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Suppose we have an abstract class Element from which classes Triangle and Quadrilateral are derived from.

Suppose yet that these classes are used in conjunction with interpolation methods that depend on the shape of the element. So, basically we create an abstract class InterpolationElement from which we derive InterpolationTriangle and InterpolationQuadrilateral.

Then, to include the interpolation functionality in the Triangle and Quadrilateral classes, we add a const-reference data member in class Element of type InterpolationElement, that is:

class Element
{
public:
    Element(const InterpolationElement& interp);

    const InterpolationElement& getInterpolation() const;

private:
    const InterpolationElement& interpolation;
};

We then create a method (as described by Scott Meyers, Effective C++) that instanciate a local static object of class InterpolationTriangle as

const InterpolationTriangle& getInterpolationTriangle()
{
    static InterpolationTriangle interpolationTriangle;

    return interpolationTriangle;
}

So that class Triangle can be constructed like:

class Triangle : public Element
{
public:
    Triangle() : Element( getInterpolationTriangle() ) {}
};

Here is my question: is this approach correct in order to incorporate interpolation methods on my class Element? Is this used in professional scenarios?

I could implement directly all the interpolation methods on class Element (as pure virtual) and the override them in the derived classes Triangle and Quadrilateral. However, this approach seems to me to be cumbersome, since every time I need to improve or implement new interpolation functionalities I would have to do that on these classes. Moreover, the classes get bigger and bigger (many methods) using this approach.

I would like to hear from you some tips and comments

Thanks in advance.


Additional details:

class InterpolationElement
{
public:
    InterpolationElement();

    virtual double interpolationMethod1(...) = 0;
                      :
    virtual double interpolationMethodN(...) = 0;
}

class InterpolationTriangle : public InterpolationElement
{
public:
    InterpolationTriangle () {}

    virtual double interpolationMethod1(...) { // interpolation for triangle }
                      :
    virtual double interpolationMethodN(...) { // interpolation for triangle }
}

class InterpolationQuadrilateral : public InterpolationElement
{
public:
    InterpolationTriangle () {}

    virtual double interpolationMethod1(...) { // interpolation for quadrilateral}
                      :
    virtual double interpolationMethod1(...) { // interpolation for quadrilateral}
}
share|improve this question
    
Could you not make getInterpolation() virtual, and have InterpolationTriangle etc. override it, rather than the getInterpolationTriangle() methods? –  Oliver Charlesworth Aug 12 '10 at 21:09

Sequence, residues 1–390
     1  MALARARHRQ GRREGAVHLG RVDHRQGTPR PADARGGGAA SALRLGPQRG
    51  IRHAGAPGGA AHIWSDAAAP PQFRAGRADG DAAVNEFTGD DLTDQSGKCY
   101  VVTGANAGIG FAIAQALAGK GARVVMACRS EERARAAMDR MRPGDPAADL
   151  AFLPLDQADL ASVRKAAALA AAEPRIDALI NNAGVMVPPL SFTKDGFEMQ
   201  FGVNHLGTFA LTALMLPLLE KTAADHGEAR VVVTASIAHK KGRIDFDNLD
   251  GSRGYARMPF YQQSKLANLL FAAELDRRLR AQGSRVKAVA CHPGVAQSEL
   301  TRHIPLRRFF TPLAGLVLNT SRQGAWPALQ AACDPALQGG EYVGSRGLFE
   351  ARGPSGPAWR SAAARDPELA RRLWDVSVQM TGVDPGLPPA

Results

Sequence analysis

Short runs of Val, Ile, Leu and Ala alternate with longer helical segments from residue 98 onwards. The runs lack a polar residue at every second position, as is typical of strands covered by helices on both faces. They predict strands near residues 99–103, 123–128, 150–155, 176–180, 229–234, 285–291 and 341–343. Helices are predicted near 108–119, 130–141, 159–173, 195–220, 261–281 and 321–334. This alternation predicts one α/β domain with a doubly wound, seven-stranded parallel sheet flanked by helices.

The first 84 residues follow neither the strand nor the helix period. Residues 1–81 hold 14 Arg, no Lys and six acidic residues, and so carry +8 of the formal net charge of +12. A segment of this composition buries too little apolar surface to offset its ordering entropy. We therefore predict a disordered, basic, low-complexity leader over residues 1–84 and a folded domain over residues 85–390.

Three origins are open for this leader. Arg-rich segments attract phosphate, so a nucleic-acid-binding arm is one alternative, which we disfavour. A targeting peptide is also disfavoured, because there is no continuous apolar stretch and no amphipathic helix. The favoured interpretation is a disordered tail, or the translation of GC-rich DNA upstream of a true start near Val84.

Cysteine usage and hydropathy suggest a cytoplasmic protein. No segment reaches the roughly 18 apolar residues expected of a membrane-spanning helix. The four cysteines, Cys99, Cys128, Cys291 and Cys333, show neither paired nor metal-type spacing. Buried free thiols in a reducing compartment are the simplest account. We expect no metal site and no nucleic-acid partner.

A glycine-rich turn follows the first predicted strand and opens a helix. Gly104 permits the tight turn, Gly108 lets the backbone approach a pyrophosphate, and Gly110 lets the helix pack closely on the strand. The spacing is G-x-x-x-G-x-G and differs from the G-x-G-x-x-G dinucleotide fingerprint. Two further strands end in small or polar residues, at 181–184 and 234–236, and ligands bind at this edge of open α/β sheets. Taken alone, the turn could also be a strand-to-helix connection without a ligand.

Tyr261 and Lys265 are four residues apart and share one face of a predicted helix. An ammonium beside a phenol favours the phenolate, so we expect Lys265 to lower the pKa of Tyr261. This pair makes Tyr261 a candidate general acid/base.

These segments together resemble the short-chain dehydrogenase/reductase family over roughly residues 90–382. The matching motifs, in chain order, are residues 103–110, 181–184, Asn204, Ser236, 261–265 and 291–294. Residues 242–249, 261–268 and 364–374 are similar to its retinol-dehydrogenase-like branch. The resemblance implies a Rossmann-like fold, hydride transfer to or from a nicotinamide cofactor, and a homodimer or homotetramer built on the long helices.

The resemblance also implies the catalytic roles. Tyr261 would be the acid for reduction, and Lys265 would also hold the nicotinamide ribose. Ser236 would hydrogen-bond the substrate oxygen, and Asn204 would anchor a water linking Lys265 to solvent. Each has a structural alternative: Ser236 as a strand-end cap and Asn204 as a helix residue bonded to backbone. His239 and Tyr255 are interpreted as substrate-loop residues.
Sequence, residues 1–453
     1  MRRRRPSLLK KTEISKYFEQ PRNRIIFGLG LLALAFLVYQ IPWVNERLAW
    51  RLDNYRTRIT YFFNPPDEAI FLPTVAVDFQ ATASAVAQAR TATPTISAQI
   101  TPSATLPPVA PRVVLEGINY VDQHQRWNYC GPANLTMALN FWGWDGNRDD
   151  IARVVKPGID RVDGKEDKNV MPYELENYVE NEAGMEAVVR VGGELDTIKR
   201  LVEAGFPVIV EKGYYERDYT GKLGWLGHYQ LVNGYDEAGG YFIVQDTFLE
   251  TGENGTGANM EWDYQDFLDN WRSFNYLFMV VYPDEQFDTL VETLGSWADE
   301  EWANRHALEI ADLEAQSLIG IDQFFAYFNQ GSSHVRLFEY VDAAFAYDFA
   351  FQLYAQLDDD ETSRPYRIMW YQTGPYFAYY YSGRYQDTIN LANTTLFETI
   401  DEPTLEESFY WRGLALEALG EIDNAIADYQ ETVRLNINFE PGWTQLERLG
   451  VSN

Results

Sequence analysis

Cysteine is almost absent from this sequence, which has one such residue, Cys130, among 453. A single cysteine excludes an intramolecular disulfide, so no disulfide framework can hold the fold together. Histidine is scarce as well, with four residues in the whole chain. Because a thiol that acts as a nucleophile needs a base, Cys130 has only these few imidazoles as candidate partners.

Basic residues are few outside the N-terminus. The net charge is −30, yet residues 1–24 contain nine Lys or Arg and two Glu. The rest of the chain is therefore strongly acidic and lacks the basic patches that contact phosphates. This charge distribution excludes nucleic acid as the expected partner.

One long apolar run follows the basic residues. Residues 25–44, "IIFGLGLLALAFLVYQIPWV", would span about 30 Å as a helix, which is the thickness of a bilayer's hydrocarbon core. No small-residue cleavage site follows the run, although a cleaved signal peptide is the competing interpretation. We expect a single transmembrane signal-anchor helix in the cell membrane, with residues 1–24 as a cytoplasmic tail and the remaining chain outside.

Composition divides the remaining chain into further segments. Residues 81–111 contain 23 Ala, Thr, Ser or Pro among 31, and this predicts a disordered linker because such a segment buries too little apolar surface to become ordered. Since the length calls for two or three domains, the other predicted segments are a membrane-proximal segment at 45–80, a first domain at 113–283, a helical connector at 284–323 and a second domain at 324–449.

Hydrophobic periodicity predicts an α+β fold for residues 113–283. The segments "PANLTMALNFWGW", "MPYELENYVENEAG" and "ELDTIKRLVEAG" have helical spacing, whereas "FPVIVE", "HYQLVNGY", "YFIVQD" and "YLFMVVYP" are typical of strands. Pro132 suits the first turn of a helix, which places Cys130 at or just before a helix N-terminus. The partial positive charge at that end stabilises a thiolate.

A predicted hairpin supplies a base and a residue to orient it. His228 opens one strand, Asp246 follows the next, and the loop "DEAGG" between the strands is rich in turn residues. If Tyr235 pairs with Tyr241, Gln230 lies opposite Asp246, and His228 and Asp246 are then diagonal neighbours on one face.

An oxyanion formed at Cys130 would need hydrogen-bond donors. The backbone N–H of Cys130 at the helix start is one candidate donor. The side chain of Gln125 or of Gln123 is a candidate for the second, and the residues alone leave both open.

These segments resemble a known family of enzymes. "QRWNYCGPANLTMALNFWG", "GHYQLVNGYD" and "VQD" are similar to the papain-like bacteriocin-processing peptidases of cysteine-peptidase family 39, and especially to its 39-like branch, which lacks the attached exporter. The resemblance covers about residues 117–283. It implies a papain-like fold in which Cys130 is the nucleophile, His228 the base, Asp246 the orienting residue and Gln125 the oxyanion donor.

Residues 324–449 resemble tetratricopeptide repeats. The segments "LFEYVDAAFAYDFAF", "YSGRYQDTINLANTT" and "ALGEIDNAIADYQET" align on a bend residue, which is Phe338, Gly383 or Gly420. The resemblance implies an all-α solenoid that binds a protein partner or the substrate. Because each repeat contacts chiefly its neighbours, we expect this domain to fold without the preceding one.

Thanks for the comment. Please look at the additional details. Also look the comment in the next answer. –  Allan Aug 12 '10 at 22:27
    
There are lots of answers. As I wrote in the little answer that I did, which you may not read amongst all the others, your case looks like the issue that the "Visitor Design Pattern" is to solve. –  Stephane Rolland Aug 23 '10 at 14:19

5 Answers 5

up vote 1 down vote accepted

The classes are used in conjunction with interpolation methods. Why do those methods need to be in a singleton object? The singleton here looks very problematic.

class Element
{
public:
    virtual double interpolationMethod1(...) = 0;
                  :
    virtual double interpolationMethodN(...) = 0;

};

class Triangle : public Element
{
public:
    virtual double interpolationMethod1(...) { // interpolation for triangle }
                  :
    virtual double interpolationMethodN(...) { // interpolation for triangle }
}

Also, welcome to SO!

share|improve this answer
    
Agreed. The singletons will have no access to triangle- or quadrilateral-specific features of the Element instances, so how will they perform their functionality? –  Oliver Charlesworth Aug 12 '10 at 21:18
    
The interpolation classes are independent of the Element, Triangle and Quadrilateral. They do not depend on any of their members. However, when using polymorphism, its is necessary that the appropriate interpolation method be called for the object pointed by Element*. Also, I just need only one object of InterpolationTriangle that will serve all the Triangle objects. Why is the Singleton approach not appropriate here? –  Allan Aug 12 '10 at 22:25
    
@Allan: The extra classes are simply extraneous. See update. Singletons usually indicate global state, which is a Bad Thing, but in your case they are stateless, so they are more like function pointers. But virtual methods can more cleanly give you that functionality. At the machine level, this simply replaces the interpolation member with a vtable pointer. –  Potatoswatter Aug 12 '10 at 23:46

This is reminiscent of a question that I had answered here. The same idea about the separation of data containers and the strategies.